Correctional Association of New York Records, 1844-1988
- Correctional Association of New York
- The Correctional Association of New York Records includes records from the Board of Directors, annual reports, prison visit files, Narcotics Committee files, program and bureau files, project files, subject files, and publications. The only records of the organization available from the nineteenth century are the annual reports, which have been microfilmed and are available in the University Library.
- 30.97 cubic ft.
- English and English
- Preferred citation:
- Preferred citation for this material is as follows: and Identification of specific item, series, box, folder, Correctional Association of New York Records 1844-1988 (APAP-014). M. E. Grenander Department of Special Collections and Archives, University Libraries, University at Albany, State University of New York (hereafter referred to as the Correctional Association of New York Records).
Access and Use
- Conditions Governing Access:
Access to portions of Series 1, 3, 5, 6, and 7 is restricted. All folders marked with an asterisk are restricted and requests to view these materials must be discussed with a staff member. All other series are unrestricted. Consult a staff member for further details.
The researcher assumes full responsibility for conforming with the laws of copyright. Whenever possible, the M.E. Grenander Department of Special Collections and Archives will provide information about copyright owners and other restrictions, but the legal determination ultimately rests with the researcher. Requests for permission to publish material from this collection should be discussed with the Head of Special Collections and Archives.
- Scope and Content:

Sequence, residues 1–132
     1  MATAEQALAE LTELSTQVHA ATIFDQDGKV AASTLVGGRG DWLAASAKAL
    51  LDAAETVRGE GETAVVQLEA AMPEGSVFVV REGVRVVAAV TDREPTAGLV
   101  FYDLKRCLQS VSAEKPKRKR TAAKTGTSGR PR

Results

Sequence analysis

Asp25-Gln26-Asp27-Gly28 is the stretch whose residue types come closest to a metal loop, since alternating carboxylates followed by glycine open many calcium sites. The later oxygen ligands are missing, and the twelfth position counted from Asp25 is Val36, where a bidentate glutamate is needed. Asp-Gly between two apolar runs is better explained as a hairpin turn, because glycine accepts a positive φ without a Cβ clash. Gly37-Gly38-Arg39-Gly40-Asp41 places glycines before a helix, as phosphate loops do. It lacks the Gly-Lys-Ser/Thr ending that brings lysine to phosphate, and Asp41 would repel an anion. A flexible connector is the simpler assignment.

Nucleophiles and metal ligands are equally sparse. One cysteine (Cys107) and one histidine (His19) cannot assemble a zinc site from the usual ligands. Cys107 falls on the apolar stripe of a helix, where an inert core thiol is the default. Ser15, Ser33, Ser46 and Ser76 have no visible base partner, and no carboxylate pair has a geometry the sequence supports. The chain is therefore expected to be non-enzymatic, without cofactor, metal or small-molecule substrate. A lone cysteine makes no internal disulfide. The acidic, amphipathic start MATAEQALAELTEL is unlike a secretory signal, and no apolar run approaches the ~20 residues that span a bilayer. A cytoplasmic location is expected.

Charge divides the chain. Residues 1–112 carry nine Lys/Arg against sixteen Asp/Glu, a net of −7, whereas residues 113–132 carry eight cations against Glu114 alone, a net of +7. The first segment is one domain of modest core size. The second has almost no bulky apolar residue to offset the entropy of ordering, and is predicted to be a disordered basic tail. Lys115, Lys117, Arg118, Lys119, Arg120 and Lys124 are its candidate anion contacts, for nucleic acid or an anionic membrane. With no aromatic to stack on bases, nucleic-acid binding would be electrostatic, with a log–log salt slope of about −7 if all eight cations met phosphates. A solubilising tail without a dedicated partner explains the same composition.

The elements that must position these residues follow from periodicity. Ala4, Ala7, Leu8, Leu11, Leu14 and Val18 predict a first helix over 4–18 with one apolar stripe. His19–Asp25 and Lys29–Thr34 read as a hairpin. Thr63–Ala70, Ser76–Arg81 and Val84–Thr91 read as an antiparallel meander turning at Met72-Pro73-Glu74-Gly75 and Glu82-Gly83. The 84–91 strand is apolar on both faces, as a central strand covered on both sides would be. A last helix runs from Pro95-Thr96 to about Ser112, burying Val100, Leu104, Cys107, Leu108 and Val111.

Series 1 contains the Board of Directors Files, roughly between 1942 and 1986. This series consists of correspondence, meeting minutes of the Board of Directors (1977-85) and the Executive Committee (1971-73, 1984), and committee files created or gathered by the executive director, chairman, president, general secretary, and committee chairs of the Association. It also contains biographical information about prospective board members gathered by the Nominating Committee (1963-67, 1969, 1971-72, 1974-82, 1984). Other documents in the series include meeting agendas, memoranda, grant proposals, reports, membership statistics, and records concerning bequests and endowments made to the Association. This material concerns prison conditions, children of offenders, sentencing policies, court rulings concerning prisoners' efforts to form labor unions, construction of new correctional facilities, and the operations of the Association itself. Letters from inmates concerning living conditions in various correctional facilities, transfers from one facility to another, health issues, allegations of abuse by corrections officers, and post-release work arrangements and drug-rehabilitation programs are scattered throughout the series. One of the letters (1985) directed to Correctional Association President Robert Gangi was written by Jean Harris, who became interested in the special problems of female inmates and their children during her imprisonment for murder. Note that the files created by the Institution's Visiting Committee are housed in Series 3, Prison Visits Files, circa 1915-85, and files created by the Narcotics Committee are housed in Series 4, Narcotics Committee Files, 1949-75.